remarks and scattered hints will neither supersede its utility nor materially interfere with the range of its speculations, or the classification and order of its topics.
With regard to the older poets of this county, little can be said, for the best of all possible reasons, because little is known, It is likely that the monastery of Paisley had its metrical, as well as, it is known, it had its prose chroniclers. However, if there were any such, none of their legends are now extant, unless the fragments printed in the appendix, (No. 1) subjoined to this essay, be considered as genuine. Admitting that they are so, which we believe to be the fact, we will yet be thrown into some perplexity, while attempting to ascertain two points of vital consequence, viz., The name or names of the author or authors, and the precise æra in which he or they flourished. These we now bequeath as two good marrow-bones for the antiquary, to try the soundness of his teeth and the goodnatured patience of his temper upon withal.
Prior to the reformation of religion we cannot carry our enquiries far ; and even after that event, the dubious light which history affords, is not of itself sufficient, without conjecture, to eke out the meagre and scanty materials on which our narrative must of necessity be raised. In the absence of positive proof, we must therefore be contented with that species of evidence which the nature of circumstances, and the partial and indistinct glimmerings of legitimate history supply, however unsatisfactory, hypothetical, or fruitful of controversy it may chance to be. The human mind is so constituted, that in matters wherewith it is interested, a plausible supposition will be gladly embraced, and all the weight and authority of a sterling truth conceded at once, rather than it should remain longer in a state bordering on absolute ignorance, or be tormented for ever with vague incertitude-ceaseless and inconclusive conjecture.
Of the late poets this Shire has produced enough in all conscience has been written, but whether much to the purpose or not, is a question easier propounded perhaps than conveniently answered.
Those of what may be called the middle period, are scarcely known at all, except by name and the inimitable pieces they have bequeathed to a forgetful and ungrateful posterity. This will be more obvious and more regretted, when we consider that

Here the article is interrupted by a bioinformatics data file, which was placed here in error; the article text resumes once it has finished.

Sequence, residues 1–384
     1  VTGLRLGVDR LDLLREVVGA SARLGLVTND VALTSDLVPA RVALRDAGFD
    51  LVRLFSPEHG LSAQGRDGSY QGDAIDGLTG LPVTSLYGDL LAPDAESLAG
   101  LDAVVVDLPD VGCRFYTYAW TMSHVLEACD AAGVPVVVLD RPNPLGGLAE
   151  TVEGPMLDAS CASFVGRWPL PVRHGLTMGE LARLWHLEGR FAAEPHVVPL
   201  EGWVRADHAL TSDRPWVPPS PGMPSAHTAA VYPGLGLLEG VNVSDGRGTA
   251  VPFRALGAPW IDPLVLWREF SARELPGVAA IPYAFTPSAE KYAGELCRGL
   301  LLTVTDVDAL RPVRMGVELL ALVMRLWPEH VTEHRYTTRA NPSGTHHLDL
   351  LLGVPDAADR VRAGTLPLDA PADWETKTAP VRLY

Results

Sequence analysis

to them we owe Habbie Simpson's Elegy—The Blythsum Bridal—Scho rase and loot me in-Maggy Lawder—— TweedsideThere's nae luck about the house, &c., &c., pieces of most surpassing excellence in their kind, and some of them the choicest songs in our language.
As closely as possible to chronological order, we now proceed to give the names, and what little we know, of the poets of Renfrewshire.
Sir Hugh Montgomerie of Eglinton is the first whom we meet with in this enquiry. He was lineally descended from the Montgomeries of Eagleshame, the parent stock of all that name in Scotland, and is therefore justly entitled to be considered a native of the county. According to Crawford, it was in the person of this Sir Hugh the first foundation was laid of the many honours his posterity have since enjoyed; for in the fourteenth year of the reign of King James the IV. he was, by the favour of that monarch, created Earl of Eglinton, A. D. 1503. In the continuation of Crawfurd's History by Robertson, the date of his creation is stated to be in 1507. None of his poems are extant: and were it not for the incidental mention of his name by William Dunbar, in the “ Lament for the Death of the Makkaris,” the fact of his being a poet would never have been known. That finest of all our Scotish Poets, in the poem alluded to, thus catalogues him as well as many more, whose works have met with the same fate.
The mude Schir Her of Eglintoun,
Of twenty-three poets mentioned by Dunbar--many of whom were his contemporaries—in this poem, the works of no less a number than thirteen, with the exception of one or two fragments, have entirely perished.
When the gude Schir Hew departed this life, the Historiau of Renfrewshire confesses that he is at a loss to say, but his continuator (Robertson) has fixed that event in 1545. His Lordship,” says that writer, “after a life of great activity, and having been in many a rencontre, died quietly in his own bed in June 1545, in the 85th year of his age.” This in sooth is